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THINGS FALL APART

Charts: Africa’s biggest economy is shrinking

Reuters/Akintunde Akinleye
Making a living in Nigeria is about to get even tougher.
  • Yomi Kazeem
By Yomi Kazeem

Africa reporter

This article is more than 2 years old.

As oil prices have fallen globally, Nigeria’s economy has been badly hit as oil revenue accounts for a majority of its earnings. The fallout have been dire: capital flight, domestic fuel shortages and shrinking foreign reserves. All of these have combined to result in the economy nearly grinding to a halt as growth fell to its lowest point since 1991 in the first quarter of the year.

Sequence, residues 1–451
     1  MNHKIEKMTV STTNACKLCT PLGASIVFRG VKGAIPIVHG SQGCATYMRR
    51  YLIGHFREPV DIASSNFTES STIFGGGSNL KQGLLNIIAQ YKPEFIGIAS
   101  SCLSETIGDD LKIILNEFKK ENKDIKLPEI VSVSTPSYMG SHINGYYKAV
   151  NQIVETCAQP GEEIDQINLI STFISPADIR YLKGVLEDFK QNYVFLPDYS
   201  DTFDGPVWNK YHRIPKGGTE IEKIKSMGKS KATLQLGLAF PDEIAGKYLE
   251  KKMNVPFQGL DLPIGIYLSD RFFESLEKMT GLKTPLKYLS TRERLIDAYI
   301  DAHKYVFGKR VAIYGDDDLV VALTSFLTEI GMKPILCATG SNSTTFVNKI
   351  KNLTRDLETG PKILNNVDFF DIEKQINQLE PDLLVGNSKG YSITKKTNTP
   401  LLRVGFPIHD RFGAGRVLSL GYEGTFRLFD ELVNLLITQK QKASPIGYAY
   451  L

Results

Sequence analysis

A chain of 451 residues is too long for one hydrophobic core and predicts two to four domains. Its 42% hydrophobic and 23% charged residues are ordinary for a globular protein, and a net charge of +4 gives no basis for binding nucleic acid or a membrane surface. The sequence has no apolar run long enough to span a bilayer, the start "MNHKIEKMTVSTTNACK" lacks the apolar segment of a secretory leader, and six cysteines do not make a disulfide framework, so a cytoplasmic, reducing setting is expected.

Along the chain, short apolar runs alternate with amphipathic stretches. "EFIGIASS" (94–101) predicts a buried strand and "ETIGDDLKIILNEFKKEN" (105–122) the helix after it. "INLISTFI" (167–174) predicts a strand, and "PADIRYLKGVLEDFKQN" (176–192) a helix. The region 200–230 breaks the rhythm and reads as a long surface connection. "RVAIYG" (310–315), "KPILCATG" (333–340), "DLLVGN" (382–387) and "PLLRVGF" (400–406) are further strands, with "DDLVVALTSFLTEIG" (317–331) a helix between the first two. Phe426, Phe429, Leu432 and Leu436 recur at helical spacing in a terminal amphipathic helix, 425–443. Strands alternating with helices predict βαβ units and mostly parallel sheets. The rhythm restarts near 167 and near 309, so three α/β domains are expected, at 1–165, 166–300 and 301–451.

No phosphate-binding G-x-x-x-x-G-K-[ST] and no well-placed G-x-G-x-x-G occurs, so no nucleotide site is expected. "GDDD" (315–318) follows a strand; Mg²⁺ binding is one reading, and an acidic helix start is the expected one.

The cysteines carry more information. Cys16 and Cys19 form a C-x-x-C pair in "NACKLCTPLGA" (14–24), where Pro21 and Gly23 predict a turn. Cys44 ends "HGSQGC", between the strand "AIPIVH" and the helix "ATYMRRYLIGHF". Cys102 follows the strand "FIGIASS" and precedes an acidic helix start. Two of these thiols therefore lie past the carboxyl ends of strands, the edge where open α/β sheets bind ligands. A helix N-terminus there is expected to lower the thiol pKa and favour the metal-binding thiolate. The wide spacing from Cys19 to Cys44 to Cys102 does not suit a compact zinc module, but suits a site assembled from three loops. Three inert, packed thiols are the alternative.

The decline follows on preceding quarters as the economy experienced negative growth, data from the National Bureau of Statistics shows.

While the downturn for Africa’s biggest economy is undoubtedly caused by the fall in global oil prices it has been worsened by the government’s response, said analysts.

“The cause of the growth collapse is the policy reaction to the fall in oil prices,”  Nonso Obikili, research associate at Economic Research Southern Africa says. “Specifically the foreign exchange policy which has led to a collapse in investment, and the failure to quickly resolve the fuel supply issues by liberalizing fuel prices.”

The contraction of Nigeria’s economy in the first quarter appears to be in line with forecasts made by the IMF which projected Nigeria’s economy to grow at 2.3% this year.

As businesses struggle to stay afloat despite the economic realities, an inevitable offshoot has been a loss of jobs. With half a million losing their jobs in the first three months of the year, data from the National Bureau of Statistics showed the unemployment rate once again rose, as it has in the preceding five quarters.

 

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